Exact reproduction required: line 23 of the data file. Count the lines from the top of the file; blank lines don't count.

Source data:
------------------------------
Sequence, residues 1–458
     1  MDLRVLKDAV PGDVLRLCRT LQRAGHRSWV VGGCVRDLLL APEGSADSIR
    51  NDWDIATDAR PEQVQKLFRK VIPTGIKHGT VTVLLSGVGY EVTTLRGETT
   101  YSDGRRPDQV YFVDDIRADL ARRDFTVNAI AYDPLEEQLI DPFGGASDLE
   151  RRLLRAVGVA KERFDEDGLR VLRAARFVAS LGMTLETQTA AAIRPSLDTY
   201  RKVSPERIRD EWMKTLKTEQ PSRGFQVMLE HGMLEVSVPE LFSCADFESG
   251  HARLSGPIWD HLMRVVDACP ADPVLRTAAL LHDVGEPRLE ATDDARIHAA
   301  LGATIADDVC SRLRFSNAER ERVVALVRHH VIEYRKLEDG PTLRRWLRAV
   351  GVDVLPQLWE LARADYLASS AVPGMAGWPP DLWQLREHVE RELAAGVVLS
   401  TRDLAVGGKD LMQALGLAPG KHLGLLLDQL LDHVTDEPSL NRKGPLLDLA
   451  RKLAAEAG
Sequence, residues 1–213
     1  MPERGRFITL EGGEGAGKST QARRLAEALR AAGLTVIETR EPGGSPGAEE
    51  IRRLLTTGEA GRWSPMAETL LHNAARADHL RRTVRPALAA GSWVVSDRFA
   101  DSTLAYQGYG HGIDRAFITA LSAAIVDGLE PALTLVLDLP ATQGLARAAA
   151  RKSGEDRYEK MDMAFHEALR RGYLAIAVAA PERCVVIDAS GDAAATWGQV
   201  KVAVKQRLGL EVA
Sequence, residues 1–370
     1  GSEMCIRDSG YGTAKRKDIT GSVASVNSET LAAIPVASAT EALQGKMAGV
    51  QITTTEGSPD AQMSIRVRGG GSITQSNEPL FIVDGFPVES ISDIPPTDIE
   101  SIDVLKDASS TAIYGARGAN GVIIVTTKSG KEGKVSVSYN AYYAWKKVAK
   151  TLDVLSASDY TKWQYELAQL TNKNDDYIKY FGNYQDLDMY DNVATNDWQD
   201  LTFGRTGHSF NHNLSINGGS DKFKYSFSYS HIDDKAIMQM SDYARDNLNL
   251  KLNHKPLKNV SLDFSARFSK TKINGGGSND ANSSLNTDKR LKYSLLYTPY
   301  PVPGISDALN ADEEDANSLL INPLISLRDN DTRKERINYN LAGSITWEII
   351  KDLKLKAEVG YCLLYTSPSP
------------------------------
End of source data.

   201  LTFGRTGHSF NHNLSINGGS DKFKYSFSYS HIDDKAIMQM SDYARDNLNL